I can't find the circuit breakers for any of the upstair bedrooms in
this old, 1908 built house. Would it be reasonably safe to replace a
light switch wearing rubber gloves and rubber-soled shoes if it comes
down to having nno other options?
A single pole non-grounded switch has two wires attached to it. One the
hot feed and the other runs to the light.
Your chance of a shock are remote as long as you do not touch the bare part
of the wire or the bare wire to a metal part.
Assuming you do not a heart problem a DRY shock from a 110v circuit isn't
going to hurt you much anyway.
Replacing the switch "hot" is a very risky proposition, as others have
pointed out. The first order of business should be to find the
disconnect means and overcurrent protection. Start your search at the
meter and work your way outward from there. Every homeowner and tenant
should know where the protective devices are.
Chances are if you attempt to replace it hot, you will need to find that
breaker anyway to turn the circuit back on when you short something.
Look for a sub panel in a closet or behind an appliance, or in an attic,
behind a picture etc.
I wouldn't use rubber gloves as sharp wire ends or other metal parts can
easily puncture through and the extra perspiration inside the gloves
would seen to me to be worse than no gloves at all.
I would use leather gloves.
As some posters have said, you really need to know where the circuit
breakers (or fuses) are.
I change switches & receptacles all the time without shutting off the
Less than 10% of the time, I get a "nip" (slight shock).
Seldom do I short to something & blow the circuit breaker.
But I have years experience changing switches & receptacles "hot" and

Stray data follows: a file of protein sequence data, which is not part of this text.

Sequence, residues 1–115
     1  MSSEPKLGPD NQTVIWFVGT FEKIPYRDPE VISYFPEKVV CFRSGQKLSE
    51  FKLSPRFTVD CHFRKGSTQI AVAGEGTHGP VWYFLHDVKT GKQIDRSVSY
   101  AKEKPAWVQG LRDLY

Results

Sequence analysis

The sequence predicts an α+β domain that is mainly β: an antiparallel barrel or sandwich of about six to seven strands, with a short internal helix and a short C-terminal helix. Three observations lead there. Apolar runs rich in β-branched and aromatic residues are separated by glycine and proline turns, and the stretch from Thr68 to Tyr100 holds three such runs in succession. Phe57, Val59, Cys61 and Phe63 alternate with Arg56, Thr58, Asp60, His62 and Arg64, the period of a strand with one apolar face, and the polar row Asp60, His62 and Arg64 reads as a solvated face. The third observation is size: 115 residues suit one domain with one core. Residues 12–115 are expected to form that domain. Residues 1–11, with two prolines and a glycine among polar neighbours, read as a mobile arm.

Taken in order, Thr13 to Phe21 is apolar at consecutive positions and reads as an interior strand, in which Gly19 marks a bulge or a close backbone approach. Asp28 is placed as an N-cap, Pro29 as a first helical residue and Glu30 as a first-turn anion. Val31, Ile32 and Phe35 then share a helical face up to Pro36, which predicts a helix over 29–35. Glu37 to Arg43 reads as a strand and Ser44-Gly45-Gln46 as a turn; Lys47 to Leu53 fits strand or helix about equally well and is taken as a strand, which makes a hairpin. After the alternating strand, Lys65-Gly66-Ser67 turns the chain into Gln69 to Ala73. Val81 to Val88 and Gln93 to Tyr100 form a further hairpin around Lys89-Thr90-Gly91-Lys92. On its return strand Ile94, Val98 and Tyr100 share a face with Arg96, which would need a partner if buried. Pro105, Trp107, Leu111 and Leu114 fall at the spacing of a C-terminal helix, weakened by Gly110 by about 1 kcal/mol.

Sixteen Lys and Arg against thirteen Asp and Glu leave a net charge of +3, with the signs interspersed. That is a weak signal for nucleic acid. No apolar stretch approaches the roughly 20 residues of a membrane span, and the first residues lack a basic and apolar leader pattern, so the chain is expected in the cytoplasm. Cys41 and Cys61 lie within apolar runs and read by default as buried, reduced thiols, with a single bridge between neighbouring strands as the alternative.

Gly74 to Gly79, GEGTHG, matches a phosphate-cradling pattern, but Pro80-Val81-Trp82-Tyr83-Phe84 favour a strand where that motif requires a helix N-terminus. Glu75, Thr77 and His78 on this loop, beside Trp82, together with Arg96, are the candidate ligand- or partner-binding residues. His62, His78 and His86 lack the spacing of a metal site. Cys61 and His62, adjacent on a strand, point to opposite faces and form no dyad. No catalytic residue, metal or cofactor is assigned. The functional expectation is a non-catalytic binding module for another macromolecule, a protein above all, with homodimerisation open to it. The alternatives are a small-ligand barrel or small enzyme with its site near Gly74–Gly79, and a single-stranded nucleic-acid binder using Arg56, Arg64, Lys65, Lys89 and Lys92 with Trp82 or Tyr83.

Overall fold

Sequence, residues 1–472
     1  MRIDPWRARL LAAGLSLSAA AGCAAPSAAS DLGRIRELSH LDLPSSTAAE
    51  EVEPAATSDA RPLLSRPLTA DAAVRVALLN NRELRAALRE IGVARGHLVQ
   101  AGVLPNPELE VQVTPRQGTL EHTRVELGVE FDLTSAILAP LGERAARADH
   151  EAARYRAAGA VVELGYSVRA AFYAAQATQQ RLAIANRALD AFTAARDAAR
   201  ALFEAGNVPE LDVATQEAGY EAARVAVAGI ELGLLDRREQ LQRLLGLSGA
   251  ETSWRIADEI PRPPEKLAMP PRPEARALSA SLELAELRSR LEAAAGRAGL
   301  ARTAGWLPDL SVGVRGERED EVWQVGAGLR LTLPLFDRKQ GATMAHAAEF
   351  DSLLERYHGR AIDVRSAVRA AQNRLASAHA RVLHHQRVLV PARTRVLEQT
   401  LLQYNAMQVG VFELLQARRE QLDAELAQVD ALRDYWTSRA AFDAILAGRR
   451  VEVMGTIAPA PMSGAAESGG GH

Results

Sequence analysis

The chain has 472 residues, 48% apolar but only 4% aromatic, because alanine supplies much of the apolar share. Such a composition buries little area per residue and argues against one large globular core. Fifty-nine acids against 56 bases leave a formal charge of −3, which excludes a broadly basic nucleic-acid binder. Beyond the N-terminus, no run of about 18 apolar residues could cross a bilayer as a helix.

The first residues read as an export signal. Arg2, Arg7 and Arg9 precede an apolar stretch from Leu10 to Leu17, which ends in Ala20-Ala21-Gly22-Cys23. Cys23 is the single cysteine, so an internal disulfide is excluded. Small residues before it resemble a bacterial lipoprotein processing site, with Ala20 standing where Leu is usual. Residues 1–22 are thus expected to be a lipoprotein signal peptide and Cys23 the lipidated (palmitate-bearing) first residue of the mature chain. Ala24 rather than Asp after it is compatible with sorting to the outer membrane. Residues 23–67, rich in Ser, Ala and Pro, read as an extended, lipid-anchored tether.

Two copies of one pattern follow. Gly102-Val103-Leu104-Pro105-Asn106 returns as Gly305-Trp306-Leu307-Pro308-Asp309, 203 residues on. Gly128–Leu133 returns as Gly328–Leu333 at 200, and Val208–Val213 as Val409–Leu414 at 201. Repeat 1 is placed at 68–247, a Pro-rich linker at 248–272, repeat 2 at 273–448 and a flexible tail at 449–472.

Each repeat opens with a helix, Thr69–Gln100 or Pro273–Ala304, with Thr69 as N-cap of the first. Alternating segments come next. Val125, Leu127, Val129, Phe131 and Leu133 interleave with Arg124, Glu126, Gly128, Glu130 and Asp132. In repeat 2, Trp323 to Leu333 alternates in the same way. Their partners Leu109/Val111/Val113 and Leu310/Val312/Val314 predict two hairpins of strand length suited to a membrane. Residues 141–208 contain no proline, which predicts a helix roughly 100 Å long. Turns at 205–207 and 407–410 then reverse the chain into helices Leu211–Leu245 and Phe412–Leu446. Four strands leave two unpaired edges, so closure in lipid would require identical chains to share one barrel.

I figure the risk (for me) is acceptably low.
YEARS ago I was shown the process & practice by more than one
I think it's safe (for me) but I'm not sure I'd recommend it to a
rookie without demonstrating safer practice.
In my experience, the danger & possibility of injury from a short
during this process is much greater than a simple shock.
Over the years I have "welded" a few screw drivers (actually only
three) and imo the danger of flying molten metal is WAY more serious
than getting a minor shock. Plus the "arc" caused by a short will
leave you seeing spots for a while.
Dry & clean leather gloves are a better bet than rubber gloves and
safety glasses would be a good idea as well.
I watched an electrician work on a service entrance "hot"; he used
new, dry, clean leather gloves, a wooden ladder and safety glasses.
It would be much easier in a new house that has better quality wiring and
plastic boxes. Quite possibly the insulation on your wiring is going to be
old and brittle and will break off when you remove the switch. Also the
splices will most likely be soldered and taped. If the wire breaks while
you are removing it, you may have to take apart a splice. This is risky to
work on even for a professional.
It is possible that the source of power for this is in some old fuse box or
circuit breaker panel somewhere else in the house. Check the attic.
Another possibility that I see occasionally in older homes is one circuit
fed by two separate circuit breakers. Try shutting off all of the circuit
breakers at once instead of one at a time. As others suggested, if you have
a main breaker, shut that off and have someone hold a flashlight while you
work. I use a headlamp for situations like this.
HomeOwnersHub.com is a website for homeowners and building and maintenance pros. It is not affiliated with any of the manufacturers or service providers discussed here.
All logos and trade names are the property of their respective owners.